In English, many things are named after a particular country – but have you ever wondered what those things are called in those countries?
- Corsican was designated as a patois, a provincial dialect.
- English is the official language of Grenada, but many Grenadians speak patois, a dialect that combines English words with elements of French and African languages.
- The most famous writer in the Macau patois was José dos Santos Ferreira.
- They speak English, French, or an English patois at home and are mostly Protestant.
- In Jamaica, we speak English primarily but more often we speak the local dialect, patois.
- The official language is Standard English - patois is very rarely spoken today.
- The language is mostly the quaint island patois - not the stuff of verse drama.
- Grenadian patois is different from that spoken on the other Windward Islands that make up Grenada, Carriacou and Petite Martinique.
- It is reflected in the islanders' Catholicism, in their French-based patois, and in such customs as its Flower Festivals.
- But a Creole patois, a mixed-language dialect, is spoken in the country.
- The men were droning at each other in their Greek-inflected patois, or singing through their noses to the accompaniment of a flute out of tune.
- He writes in the patois of Barbados, in the voices of village women, a language he makes both playful and sensuous.
- At the age of 14, she began to write and dramatize poems using patois rather than standard English.
- Their language has crystallised in the Bajan patois.
- Today I wanted to talk about Bajan as a dialect or language or patois or whatever you wish to call it.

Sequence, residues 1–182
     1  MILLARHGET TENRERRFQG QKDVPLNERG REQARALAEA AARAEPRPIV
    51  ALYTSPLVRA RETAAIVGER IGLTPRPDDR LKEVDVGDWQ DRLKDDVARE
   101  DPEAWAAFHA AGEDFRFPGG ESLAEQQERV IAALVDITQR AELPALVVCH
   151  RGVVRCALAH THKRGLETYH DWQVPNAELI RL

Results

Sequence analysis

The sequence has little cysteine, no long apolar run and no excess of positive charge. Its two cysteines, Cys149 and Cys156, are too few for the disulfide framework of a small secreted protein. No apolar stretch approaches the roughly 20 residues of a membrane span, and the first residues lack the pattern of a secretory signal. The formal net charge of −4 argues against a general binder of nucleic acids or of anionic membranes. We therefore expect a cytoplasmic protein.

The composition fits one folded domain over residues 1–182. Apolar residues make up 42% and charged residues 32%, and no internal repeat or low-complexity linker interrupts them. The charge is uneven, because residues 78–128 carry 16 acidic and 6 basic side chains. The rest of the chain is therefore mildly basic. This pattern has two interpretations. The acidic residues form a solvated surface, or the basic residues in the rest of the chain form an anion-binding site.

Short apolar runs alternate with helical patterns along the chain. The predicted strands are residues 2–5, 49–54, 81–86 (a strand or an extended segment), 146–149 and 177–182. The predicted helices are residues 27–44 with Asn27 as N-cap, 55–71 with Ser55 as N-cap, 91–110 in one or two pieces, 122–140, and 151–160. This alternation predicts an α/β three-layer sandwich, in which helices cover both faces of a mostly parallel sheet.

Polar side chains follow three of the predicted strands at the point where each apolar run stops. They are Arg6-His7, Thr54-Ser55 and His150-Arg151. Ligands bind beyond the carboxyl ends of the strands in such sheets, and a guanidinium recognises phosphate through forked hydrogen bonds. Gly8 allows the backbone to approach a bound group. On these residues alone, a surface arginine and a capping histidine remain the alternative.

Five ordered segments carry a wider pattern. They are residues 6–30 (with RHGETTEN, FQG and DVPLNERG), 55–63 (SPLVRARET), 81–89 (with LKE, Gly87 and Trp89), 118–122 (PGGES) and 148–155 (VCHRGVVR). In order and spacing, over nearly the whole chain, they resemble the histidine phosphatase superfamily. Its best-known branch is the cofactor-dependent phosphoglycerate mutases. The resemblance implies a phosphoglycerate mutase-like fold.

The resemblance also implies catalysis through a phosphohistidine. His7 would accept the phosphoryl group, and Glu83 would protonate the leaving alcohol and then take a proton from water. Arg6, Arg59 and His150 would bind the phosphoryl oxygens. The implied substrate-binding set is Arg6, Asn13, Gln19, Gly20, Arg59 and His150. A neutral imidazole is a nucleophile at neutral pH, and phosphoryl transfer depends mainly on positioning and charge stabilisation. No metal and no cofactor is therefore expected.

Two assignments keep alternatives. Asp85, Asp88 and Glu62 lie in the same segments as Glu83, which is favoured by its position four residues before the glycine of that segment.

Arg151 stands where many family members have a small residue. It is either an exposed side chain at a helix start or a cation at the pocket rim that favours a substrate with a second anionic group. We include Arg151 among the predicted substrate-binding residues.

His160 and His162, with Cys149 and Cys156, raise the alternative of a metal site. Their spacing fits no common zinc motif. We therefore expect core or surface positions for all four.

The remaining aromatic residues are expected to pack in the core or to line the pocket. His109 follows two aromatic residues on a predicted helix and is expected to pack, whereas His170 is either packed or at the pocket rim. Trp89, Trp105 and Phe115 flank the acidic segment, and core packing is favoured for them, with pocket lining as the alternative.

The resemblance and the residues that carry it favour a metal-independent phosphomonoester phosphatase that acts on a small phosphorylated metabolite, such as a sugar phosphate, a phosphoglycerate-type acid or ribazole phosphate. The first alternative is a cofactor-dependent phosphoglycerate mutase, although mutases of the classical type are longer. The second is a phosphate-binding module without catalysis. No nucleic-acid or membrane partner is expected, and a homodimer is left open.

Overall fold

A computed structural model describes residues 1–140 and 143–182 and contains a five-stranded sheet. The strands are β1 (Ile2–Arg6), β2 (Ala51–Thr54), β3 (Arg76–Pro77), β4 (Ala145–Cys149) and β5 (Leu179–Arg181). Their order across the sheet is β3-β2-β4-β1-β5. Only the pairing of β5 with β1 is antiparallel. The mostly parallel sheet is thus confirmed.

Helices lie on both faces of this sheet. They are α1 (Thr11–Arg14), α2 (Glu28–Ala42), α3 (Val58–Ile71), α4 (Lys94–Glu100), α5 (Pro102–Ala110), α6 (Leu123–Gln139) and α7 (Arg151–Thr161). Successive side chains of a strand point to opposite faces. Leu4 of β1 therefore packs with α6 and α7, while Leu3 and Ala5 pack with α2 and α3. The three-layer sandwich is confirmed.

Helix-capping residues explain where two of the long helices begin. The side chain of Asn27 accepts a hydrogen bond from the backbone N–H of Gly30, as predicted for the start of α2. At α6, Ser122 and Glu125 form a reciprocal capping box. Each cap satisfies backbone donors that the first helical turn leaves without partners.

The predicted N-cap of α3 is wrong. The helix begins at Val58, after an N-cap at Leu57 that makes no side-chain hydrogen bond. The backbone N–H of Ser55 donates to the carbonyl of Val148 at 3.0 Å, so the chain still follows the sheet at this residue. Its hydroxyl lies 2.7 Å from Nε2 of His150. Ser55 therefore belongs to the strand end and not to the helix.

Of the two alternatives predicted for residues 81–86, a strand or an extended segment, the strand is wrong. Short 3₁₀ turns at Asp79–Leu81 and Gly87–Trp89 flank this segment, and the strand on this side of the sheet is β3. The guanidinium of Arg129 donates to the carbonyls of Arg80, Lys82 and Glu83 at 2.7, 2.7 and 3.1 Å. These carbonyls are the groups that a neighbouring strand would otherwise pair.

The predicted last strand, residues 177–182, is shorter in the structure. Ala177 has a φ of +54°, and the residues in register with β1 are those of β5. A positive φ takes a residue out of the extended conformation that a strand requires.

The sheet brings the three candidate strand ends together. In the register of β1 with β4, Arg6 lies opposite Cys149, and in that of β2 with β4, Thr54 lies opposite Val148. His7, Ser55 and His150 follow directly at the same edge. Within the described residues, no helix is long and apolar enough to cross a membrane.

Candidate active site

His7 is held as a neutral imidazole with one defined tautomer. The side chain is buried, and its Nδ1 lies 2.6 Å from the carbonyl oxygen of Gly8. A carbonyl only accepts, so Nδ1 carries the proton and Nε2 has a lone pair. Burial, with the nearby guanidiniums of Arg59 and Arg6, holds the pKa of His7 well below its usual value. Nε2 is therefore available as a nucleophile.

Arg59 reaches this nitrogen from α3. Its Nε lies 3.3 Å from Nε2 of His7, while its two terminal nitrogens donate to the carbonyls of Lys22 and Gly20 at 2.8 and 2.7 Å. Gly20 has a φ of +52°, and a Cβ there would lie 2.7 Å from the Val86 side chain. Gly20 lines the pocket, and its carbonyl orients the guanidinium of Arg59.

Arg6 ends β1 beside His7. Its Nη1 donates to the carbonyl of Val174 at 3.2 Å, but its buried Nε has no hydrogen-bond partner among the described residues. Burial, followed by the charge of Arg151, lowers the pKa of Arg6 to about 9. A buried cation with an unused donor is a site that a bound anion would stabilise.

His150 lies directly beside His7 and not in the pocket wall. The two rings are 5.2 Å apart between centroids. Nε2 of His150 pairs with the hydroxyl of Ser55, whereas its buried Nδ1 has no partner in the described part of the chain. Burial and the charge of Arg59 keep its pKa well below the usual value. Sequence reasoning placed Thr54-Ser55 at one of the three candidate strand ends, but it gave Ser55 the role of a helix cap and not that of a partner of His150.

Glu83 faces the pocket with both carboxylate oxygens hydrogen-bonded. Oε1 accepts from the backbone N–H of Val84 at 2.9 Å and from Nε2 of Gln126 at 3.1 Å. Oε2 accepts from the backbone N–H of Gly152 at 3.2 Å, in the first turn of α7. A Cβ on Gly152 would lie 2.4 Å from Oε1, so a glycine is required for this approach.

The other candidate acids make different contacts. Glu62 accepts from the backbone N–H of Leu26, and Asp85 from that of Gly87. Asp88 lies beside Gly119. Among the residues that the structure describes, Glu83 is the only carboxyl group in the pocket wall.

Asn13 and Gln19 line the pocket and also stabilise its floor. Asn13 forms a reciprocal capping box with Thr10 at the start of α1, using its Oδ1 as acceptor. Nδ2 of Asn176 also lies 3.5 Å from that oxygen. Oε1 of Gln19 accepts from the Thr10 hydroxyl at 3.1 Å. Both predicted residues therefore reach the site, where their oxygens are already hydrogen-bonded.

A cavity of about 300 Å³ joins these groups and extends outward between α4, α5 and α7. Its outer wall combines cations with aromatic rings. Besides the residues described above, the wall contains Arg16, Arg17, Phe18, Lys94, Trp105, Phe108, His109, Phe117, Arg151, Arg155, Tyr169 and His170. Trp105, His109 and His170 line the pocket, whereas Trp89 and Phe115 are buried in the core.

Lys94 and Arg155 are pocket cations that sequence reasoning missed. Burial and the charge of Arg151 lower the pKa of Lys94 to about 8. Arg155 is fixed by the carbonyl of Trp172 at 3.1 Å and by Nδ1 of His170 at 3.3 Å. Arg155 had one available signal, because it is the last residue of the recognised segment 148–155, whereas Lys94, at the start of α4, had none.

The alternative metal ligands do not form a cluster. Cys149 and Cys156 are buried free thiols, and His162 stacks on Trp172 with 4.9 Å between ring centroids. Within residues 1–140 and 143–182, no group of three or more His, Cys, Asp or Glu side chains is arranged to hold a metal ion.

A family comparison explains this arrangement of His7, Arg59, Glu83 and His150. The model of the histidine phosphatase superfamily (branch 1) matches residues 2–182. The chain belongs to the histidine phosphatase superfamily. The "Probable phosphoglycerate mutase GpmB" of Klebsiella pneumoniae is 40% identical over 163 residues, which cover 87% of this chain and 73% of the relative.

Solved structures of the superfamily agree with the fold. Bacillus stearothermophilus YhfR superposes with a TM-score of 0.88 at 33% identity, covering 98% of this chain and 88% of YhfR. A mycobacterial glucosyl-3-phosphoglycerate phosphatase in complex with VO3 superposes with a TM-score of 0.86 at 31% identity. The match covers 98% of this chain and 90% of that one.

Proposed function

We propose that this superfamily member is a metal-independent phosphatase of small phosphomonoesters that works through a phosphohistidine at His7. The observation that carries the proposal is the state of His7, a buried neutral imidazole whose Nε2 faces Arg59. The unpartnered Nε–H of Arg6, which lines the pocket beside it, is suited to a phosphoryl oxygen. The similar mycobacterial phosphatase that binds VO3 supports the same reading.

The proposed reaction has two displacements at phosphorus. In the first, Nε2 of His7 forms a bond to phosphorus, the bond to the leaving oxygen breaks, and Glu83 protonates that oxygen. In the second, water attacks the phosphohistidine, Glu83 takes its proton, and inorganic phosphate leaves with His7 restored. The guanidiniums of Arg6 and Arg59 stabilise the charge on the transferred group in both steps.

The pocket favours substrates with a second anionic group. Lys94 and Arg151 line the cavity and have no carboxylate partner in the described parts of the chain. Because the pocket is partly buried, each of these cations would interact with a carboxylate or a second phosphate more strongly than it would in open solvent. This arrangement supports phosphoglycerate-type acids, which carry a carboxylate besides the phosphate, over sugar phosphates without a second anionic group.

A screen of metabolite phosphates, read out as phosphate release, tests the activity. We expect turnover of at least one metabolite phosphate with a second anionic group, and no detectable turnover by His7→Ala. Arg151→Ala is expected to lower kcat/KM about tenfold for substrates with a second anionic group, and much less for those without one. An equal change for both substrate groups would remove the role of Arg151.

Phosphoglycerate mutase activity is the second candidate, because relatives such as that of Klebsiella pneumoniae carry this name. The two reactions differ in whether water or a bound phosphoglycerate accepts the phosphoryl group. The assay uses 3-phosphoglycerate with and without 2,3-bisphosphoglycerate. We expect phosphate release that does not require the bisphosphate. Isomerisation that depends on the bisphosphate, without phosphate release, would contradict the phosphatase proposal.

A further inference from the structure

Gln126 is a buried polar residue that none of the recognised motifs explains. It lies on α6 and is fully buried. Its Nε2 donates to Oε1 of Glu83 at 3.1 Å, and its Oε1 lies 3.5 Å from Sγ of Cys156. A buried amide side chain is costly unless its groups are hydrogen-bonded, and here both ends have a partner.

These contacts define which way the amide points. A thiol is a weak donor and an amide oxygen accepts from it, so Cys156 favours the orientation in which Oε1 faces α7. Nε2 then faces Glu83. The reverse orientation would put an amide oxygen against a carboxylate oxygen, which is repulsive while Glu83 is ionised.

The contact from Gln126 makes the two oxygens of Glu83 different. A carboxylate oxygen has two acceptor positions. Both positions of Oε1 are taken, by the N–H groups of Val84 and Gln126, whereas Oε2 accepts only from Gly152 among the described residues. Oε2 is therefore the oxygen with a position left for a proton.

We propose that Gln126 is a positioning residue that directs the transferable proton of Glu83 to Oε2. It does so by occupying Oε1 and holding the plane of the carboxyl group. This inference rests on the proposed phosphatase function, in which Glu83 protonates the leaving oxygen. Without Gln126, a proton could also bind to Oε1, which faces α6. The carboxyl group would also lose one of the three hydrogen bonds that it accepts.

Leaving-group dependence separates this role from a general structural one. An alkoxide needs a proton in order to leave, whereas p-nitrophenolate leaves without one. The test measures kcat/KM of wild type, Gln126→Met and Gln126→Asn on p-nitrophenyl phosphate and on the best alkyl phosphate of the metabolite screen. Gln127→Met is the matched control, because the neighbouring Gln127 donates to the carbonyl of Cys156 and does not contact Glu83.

- The National Assembly decided in 1790 to translate its decrees into minority languages and various patois.
- Thus, a Frenchman who spoke Breton and French would not be considered bilingual because Breton is of low status and considered a patois rather than a language.
- They also recall Saint Lucia's checkered colonial past, reminding the visitor that many locals still speak a French patois, even though English is the island's official language.
- The inhabitants of this territory speak the familiar Tharp-invented patois.
- Those Belgians from the south speak Walloon, which is a French patois derived from Latin.
English has borrowed many of the following foreign expressions of parting, so you’ve probably encountered some of these ways to say goodbye in other languages.
Many words formed by the addition of the suffix –ster are now obsolete - which ones are due a resurgence?
As their breed names often attest, dogs are a truly international bunch. Let’s take a look at 12 different dog breed names and their backstories.